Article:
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Basalt is a fine-grained, hard, dense rock. The most common rock on the Earth, Moon and Mars and it has erupted from volcanoes scattered throughout New Zealand.
Igneous: Rock formed from lava flows (therefore technically a 'volcanic igneous' rock).
Source location: Canterbury.
Sizes: Choose from dropdown menu either Shelf specimen (300–800g), or Hand specimen (less than 300g)
Note: Images are examples of specimens only. Sizes and shapes will vary.
Basalt is a fine-grained igneous rock with a dense and homogeneous structure. It is typically composed of minerals such as pyroxene, plagioclase feldspar, and olivine.
Physical Properties of basalt
- Colour: Typically dark grey or black in colour.
- Lustre: Dull to glassy lustre, depending on its texture and mineral composition.
- Hardness: A relatively hard rock, ranging from 5 to 6 on the Mohs scale.
- Density: Ranges from 2.8 to 3.0 grams per cubic centimetre.
- Fracture: Exhibits a conchoidal fracture, meaning it breaks with smooth, curved surfaces resembling the interior of a seashell.
General Properties of basalt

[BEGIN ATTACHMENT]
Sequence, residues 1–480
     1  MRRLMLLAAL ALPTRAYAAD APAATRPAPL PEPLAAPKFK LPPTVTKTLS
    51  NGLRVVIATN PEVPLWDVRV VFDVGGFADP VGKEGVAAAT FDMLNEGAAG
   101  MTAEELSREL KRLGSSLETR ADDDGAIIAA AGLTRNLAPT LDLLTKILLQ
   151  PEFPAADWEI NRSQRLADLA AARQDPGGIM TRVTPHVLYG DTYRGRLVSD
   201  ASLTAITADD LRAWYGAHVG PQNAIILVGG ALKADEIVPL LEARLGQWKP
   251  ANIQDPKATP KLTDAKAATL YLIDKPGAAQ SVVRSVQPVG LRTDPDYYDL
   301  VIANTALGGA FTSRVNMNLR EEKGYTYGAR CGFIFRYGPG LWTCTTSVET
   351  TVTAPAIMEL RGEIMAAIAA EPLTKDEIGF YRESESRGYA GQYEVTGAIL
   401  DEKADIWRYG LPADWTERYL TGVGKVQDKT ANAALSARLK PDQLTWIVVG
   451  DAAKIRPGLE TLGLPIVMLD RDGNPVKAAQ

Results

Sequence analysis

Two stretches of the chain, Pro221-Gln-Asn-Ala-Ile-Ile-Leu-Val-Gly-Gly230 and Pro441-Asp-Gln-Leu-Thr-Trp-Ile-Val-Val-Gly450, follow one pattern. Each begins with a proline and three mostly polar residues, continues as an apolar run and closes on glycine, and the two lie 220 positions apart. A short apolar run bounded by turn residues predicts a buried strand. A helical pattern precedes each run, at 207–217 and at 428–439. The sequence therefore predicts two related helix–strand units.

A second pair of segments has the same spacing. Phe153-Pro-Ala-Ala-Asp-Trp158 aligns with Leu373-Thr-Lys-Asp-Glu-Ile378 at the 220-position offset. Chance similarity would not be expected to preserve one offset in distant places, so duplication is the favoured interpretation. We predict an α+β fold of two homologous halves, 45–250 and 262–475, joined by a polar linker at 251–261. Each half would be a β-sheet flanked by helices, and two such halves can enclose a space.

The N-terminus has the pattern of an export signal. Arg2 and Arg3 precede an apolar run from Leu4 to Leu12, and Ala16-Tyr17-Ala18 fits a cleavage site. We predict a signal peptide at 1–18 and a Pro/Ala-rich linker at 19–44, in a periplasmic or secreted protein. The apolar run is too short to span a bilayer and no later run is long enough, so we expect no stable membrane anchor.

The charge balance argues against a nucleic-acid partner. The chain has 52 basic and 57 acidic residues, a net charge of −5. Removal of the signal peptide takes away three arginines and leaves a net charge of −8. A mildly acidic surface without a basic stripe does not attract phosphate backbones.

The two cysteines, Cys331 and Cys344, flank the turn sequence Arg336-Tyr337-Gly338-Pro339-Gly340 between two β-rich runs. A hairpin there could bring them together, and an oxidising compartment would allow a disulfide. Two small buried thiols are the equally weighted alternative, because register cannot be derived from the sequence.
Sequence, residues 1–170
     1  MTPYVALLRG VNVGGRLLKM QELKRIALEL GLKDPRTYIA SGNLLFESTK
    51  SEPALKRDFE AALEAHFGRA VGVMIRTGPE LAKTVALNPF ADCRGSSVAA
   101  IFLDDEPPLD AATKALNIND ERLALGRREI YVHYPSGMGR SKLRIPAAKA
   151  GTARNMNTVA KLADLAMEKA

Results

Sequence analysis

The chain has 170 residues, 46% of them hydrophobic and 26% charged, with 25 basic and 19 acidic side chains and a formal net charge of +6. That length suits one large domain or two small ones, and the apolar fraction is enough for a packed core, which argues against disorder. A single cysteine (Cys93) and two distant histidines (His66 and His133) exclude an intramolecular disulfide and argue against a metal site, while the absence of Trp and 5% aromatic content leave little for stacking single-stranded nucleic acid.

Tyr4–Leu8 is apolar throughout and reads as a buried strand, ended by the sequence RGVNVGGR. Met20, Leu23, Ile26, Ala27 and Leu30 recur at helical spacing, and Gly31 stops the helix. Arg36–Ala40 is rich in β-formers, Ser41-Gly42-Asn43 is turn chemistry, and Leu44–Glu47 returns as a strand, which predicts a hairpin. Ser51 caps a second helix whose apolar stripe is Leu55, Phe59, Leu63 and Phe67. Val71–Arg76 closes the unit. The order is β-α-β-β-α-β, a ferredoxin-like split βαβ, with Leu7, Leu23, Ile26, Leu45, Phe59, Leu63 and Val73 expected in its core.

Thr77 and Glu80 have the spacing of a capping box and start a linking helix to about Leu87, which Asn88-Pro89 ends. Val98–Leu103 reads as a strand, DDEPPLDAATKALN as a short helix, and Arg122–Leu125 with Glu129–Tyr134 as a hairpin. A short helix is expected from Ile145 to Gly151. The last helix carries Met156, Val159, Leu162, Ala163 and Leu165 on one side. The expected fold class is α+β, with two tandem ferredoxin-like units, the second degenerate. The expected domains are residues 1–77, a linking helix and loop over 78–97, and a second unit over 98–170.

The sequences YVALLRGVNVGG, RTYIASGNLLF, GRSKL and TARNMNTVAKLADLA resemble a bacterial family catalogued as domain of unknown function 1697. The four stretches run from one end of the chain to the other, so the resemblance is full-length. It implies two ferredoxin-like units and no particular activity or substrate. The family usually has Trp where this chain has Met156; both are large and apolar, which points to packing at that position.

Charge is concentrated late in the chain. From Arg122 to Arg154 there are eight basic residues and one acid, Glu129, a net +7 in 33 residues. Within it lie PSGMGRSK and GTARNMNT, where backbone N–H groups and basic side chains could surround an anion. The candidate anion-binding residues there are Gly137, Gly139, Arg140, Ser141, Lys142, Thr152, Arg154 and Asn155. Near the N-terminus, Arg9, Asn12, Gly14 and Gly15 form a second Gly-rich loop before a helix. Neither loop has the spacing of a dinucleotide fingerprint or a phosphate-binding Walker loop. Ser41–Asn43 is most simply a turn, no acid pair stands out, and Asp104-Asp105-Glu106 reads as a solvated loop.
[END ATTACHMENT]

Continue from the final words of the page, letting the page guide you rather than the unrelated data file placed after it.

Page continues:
- Fine-Grained Texture: Has a fine-grained texture due to its rapid cooling from lava or magma, resulting in small mineral crystals.
- Interlocking Structure: Its minerals form an interlocking structure, contributing to its strength and durability.
- Weather Resistance: Highly resistant to weathering, erosion, and chemical attack, making it suitable for outdoor applications.
- Heat Resistance: Has excellent heat resistance and can withstand high temperatures without significant deformation or damage.
- Low Porosity: Relatively low in porosity, making it less susceptible to water absorption and freeze-thaw damage.
Uses of basalt in New Zealand and worldwide
- Early Māori: Basalt (karā) was used to make stone clubs (patu ōnewa).
- Construction: Widely used as a construction material, including for building facades, walls, and road construction.
- Paving: Its durability and resistance to weathering make it suitable for paving stones, footpaths, and driveways.
- Landscaping: Used in landscaping projects for retaining walls, decorative features, and pathways due to its natural beauty and durability.
- Aggregate: Crushed basalt is used as aggregate in concrete, asphalt, and road construction.
- Railway Ballast: Utilised as railway ballast, providing stability and drainage to railway tracks.
- Dimension Stone: Can be cut and polished into slabs for architectural purposes, including countertops, tiles, and monuments.
- Geological Studies: Studied by geologists to understand volcanic processes, lava flows, and the history of Earth's crust.